From what Nike has said about the process and general direction they wanted to take the new design, you would believe they felt obligated to honor tradition of a football team that resides in a blue-collar, tough-as-nails city. They’d make you believe there were elements here that are sacred and untouchable. That couldn’t be further from the result. It is definitely an evolution, not a revolution, but everything on the uniform has been changed. They couldn’t even leave the helmet stripe alone and placed a pattern on it.
There are some elements that can last forever on the uniform, but the design as a whole is definitely not timeless. They replaced a timeless design that was only dated in ways where old elements no longer fit properly into modern templates (remember the jersey stripes) with a flash-in-the-pan, attention whore of a football uniform. Still, it’s hard not to like some of the flash.
It is hard to like everything here though, because it's not what an NFL uniform or identity has ever been. Not until Nike arrived a few years ago. It's not representative of the Browns as we have ever known them. It's so much closer to an NCAA identity and makes me dislike Nike and the NFL even more for altering the brands in these ways. I do not believe this is good for the NFL, certainly not for sports design, I do not believe it is authentic or moral branding, and Nike's copywriting and public explanations for design decisions makes me think they're doing a lot of things just because they can, then trying to justify the decisions afterwards by making up a bullshit story about it. Good design starts with ideas and concept, but it's not terrible to just be honest and say "we did it because it looks cool".
We have to remember why it is designed this way to fairly critique it. It is designed for attention. It is designed for sales to a young audience. It is not designed to honor the past or the city, that’s just a bonus if you can squeeze it in. So in that sense, this new uniform does what it was intended and that's how I have to critique it. There’s lots of options to play with in Madden, a new color jersey to buy, and it signifies they are indeed trying to be a modern team and carve a brighter future. Kids will love it.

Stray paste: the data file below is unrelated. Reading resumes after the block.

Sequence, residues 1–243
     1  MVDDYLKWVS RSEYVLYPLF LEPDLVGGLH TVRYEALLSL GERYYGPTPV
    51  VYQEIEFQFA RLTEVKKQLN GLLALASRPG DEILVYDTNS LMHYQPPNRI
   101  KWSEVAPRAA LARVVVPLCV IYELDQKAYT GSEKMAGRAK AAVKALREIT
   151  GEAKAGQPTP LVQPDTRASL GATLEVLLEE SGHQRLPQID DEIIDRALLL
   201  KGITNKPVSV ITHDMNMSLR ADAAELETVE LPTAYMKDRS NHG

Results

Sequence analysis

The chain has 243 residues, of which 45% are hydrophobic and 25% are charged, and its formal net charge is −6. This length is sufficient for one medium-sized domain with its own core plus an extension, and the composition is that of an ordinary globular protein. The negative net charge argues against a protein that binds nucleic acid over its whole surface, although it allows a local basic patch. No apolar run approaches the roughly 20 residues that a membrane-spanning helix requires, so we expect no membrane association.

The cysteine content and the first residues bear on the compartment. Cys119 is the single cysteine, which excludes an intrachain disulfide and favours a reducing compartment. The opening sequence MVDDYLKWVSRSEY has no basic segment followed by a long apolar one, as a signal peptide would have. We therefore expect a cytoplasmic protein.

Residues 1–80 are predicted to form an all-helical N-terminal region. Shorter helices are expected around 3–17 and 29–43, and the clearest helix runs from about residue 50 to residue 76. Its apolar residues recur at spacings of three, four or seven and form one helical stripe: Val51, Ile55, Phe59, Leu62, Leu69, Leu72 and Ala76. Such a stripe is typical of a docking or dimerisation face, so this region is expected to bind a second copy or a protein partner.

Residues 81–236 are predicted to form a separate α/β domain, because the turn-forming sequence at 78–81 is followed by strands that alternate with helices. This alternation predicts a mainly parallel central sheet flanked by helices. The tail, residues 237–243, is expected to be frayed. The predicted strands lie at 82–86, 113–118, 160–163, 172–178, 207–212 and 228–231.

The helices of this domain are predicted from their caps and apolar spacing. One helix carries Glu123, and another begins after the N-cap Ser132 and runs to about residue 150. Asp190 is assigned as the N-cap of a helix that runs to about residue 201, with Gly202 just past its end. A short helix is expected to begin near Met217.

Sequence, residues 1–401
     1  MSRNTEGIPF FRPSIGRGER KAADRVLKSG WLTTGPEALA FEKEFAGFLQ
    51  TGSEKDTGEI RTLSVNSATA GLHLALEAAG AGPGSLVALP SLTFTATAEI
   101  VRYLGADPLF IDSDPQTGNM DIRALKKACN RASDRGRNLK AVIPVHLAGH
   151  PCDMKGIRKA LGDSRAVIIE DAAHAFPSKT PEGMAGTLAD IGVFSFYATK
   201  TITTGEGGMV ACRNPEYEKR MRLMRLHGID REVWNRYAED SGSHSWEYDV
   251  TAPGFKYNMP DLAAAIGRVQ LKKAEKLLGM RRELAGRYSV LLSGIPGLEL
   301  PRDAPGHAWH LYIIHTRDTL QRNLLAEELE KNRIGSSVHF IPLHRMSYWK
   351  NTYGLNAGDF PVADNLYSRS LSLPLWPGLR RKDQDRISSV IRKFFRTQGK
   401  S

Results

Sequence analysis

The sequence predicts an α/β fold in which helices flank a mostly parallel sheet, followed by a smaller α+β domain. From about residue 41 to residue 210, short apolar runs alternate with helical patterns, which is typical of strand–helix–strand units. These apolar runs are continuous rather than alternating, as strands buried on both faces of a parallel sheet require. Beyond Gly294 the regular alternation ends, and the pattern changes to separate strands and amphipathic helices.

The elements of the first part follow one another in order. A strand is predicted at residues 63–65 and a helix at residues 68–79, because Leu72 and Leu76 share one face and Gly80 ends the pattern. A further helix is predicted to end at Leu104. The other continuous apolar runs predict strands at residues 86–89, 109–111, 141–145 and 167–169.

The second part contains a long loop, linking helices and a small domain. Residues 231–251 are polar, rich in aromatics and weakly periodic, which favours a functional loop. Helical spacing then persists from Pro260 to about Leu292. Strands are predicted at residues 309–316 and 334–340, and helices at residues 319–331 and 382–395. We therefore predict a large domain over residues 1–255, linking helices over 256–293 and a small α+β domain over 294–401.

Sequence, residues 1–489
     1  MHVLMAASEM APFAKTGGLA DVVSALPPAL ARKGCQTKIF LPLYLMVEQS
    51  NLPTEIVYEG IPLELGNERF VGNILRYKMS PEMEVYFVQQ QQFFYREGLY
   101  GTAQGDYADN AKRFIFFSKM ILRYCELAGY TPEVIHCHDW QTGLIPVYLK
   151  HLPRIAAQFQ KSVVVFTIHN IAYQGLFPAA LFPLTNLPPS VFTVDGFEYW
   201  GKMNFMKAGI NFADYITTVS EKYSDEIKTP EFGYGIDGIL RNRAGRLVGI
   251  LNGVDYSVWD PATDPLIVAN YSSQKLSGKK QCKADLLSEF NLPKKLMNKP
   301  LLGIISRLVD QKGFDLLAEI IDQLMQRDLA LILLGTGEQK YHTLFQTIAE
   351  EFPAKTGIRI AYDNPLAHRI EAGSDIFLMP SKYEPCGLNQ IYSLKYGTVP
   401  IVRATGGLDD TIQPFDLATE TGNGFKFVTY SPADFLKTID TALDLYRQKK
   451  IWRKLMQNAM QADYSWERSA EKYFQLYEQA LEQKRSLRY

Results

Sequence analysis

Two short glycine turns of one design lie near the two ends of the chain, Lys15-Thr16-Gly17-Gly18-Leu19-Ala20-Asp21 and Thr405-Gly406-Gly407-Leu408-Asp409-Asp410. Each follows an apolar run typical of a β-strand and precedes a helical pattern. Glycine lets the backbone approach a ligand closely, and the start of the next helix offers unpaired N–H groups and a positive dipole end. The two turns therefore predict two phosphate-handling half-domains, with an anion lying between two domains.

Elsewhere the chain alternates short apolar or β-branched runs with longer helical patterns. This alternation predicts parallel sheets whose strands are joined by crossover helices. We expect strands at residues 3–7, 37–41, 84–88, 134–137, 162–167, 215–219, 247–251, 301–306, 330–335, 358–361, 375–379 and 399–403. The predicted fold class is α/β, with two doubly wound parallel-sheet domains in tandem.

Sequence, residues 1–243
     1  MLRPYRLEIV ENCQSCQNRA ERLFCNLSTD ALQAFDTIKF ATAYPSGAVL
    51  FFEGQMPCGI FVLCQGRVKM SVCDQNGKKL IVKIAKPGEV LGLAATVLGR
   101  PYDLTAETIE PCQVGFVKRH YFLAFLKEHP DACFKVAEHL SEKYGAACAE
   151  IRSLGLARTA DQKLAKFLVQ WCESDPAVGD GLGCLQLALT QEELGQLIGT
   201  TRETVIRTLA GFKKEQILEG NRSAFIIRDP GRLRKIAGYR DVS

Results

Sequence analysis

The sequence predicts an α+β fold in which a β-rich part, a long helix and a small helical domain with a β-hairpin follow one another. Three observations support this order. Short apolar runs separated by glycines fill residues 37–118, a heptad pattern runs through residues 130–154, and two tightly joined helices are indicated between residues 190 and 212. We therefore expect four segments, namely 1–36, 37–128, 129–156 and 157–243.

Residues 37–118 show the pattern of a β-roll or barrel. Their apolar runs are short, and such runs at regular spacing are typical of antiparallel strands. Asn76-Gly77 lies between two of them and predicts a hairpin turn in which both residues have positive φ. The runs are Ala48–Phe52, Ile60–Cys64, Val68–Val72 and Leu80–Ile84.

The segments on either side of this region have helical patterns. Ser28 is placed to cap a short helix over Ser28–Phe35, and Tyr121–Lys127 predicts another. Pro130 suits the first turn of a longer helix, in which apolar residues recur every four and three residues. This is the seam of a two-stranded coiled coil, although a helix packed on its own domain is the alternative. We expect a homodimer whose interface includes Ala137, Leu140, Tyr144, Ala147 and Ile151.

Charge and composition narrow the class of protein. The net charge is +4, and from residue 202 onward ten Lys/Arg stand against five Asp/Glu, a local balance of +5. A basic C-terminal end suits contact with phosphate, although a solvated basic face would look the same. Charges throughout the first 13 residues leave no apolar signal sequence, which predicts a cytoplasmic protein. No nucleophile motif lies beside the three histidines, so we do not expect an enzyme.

It doesn’t matter how much I like or don’t like it. I have to look at the design decisions and if they meet the goals set for it. I have to look at the craftsmanship and execution across the entire set, and how this design may work 25 years from now. As for the grade I give them based on all the above, well, at least they’re not the worst looking team in the NFL.
Brandon Moore’s Uniform Grading Scale
A – Exceptional. Design that is unique to the school and/or perfectly captures their culture/brand. May be a traditional design, but no mistaking for competitors. Technical craftsmanship is without flaws.
B – Very Good. Design is appealing and appropriate. May be a template/colors that resembles competitor(s). Perhaps a slight miss on details and/or minor flaws in craftsmanship.
C – Passable. There are multiple issues that need to be addressed in the future, or have overlooked some details. Perhaps a bad branding move, but has a solid foundation with passable design decisions.
D –Poor. Poor design decisions, and/or poor craftsmanship in multiple areas. Will have to be redone, but there is something worth saving.
F – Fail. Poor design, and poor craftsmanship through out. No cohesiveness between multiple uniforms and/or pieces. Nothing worth using again.